Ask Miriam – March 2022

Published On: March 4th, 2022Categories: Ask Miriam
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Dear Miriam,

I am one of three siblings, and Mom has been living in my home since dad died of Alzheimer’s a few years ago. She has not been diagnosed, but I am sure she also has some kind of dementia. I’m afraid to leave her alone anymore since she has a habit of leaving the stove on, but both my husband and I still work full-time. I remember how it was with my dad, so I know she will need more care as the dementia gets worse. I’m not sure what to do. I could take early retirement to stay home with her, but our income would take a big hit. Since Mom moved in, I’ve never asked her to pay for anything other than her personal expenses, although I know she does have savings as well as her pension. If I stop working at my job, can I instead have her pay me to take care of her? I don’t know how else we could afford it.

—Money Questioner

Dear Money Questioner,

I’m so glad that you wrote. Who takes care of a person in the family with dementia and how does the caregiver manage the costs are good questions. Caregiving is a time-consuming responsibility— very much like a job. And the answer can look different for different family situations.

In your own situation, there is someone – you – who is willing to be a caregiver, but you need financial support in order to do so. The first option would be to speak with your siblings and suggest that you be paid a salary to care for your mother using her funds. If the family agrees, you can then consult with an elder law attorney who can assist with drawing up a contract stating what your duties are and how much you will receive.

In some situations, there may be conflict when family members do not agree. Perhaps they are worried about the person with dementia running out of money, or they are hoping there will be enough left for an inheritance. You (or a family mediator) can point out the benefits of paying you to provide care, such as avoiding the cost of placement in a nursing home or of having to hire someone more expensive. The final decision will rest with the person who is legally in charge of your mother’s finances.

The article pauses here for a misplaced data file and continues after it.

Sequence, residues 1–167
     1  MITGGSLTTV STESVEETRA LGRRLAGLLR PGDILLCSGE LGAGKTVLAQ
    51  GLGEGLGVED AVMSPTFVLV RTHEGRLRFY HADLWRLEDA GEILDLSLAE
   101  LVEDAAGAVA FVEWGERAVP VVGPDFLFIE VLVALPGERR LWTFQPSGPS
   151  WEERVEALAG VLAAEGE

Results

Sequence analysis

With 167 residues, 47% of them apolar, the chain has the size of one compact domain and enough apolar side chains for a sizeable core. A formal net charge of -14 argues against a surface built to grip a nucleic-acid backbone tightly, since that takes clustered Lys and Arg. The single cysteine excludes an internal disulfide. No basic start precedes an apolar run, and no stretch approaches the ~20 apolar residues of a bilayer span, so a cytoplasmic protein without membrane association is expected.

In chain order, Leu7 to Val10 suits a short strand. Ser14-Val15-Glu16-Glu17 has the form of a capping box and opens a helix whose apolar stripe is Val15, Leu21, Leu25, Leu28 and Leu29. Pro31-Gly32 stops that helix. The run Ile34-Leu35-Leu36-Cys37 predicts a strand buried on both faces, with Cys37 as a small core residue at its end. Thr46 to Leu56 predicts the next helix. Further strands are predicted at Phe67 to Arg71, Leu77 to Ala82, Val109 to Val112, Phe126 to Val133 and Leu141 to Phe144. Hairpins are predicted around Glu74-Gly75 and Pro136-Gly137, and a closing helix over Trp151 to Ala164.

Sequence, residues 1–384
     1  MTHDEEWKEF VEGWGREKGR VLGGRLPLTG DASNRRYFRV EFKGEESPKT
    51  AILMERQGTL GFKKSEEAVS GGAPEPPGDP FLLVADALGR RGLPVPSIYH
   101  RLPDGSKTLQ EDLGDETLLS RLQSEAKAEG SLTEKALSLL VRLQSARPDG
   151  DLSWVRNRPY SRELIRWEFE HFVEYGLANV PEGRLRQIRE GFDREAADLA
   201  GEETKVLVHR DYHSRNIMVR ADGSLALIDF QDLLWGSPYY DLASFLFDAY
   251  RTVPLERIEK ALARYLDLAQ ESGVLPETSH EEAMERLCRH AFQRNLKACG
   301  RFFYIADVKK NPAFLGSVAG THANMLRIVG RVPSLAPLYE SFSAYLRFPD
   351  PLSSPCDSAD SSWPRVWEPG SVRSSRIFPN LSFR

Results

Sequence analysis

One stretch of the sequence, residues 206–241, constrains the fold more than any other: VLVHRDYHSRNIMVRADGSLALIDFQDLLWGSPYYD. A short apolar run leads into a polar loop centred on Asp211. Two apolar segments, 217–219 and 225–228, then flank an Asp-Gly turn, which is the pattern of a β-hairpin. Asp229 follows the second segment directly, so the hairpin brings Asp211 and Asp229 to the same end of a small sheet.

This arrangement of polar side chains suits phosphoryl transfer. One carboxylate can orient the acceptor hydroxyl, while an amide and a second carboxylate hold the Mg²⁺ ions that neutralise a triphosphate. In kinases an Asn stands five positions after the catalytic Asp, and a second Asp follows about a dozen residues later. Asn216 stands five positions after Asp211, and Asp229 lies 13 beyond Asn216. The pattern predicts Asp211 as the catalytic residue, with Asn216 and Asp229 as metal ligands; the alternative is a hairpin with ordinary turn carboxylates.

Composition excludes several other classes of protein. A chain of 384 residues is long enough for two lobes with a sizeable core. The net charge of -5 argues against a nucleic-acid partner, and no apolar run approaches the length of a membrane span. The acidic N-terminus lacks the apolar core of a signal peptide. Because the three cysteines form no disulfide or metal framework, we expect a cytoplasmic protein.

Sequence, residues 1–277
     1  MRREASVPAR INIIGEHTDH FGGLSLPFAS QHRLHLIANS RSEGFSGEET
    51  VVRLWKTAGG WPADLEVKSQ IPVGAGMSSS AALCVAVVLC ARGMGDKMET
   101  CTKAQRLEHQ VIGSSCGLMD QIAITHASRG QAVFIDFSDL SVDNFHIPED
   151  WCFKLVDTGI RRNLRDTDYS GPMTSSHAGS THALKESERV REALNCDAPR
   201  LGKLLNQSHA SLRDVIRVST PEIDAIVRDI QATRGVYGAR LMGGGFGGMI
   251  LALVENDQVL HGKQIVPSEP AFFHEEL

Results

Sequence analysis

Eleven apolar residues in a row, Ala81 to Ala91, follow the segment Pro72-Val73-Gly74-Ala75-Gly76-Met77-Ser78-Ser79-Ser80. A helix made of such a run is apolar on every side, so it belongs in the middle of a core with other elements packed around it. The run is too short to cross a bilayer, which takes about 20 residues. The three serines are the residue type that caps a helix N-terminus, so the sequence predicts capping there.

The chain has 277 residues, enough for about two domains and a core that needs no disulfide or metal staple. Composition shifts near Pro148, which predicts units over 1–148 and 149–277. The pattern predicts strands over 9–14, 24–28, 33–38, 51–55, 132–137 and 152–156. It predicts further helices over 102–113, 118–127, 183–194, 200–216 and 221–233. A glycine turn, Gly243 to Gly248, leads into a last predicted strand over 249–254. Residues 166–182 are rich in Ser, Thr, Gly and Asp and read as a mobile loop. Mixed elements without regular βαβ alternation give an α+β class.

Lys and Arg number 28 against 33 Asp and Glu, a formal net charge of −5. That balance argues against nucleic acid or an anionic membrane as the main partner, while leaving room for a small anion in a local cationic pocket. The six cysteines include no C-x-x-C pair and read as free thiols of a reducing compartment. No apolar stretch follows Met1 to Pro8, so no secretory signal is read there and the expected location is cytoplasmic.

Another way that a family member can be paid to provide caregiving in the state of California is through a program called In-Home Supportive Services. Generally, to qualify for this program, the person receiving care must be eligible for Medi-Cal which is a state insurance program for those who are low-income and do not have savings.

Dealing with money issues with family members can be challenging. While you are going through this process, if you are met with resistance, try not to take your siblings’ reactions personally. You will need extra support for yourself, so talking to a good friend or a family member who is not affected by the situation can help. I also encourage you to join a support group where you will find other caregivers experiencing similar challenges.

For more information and support regarding how to manage challenging family relationships and caregiving, please call our Helpline at 844-435-7259 or visit our Legal & Finacial Planning page.

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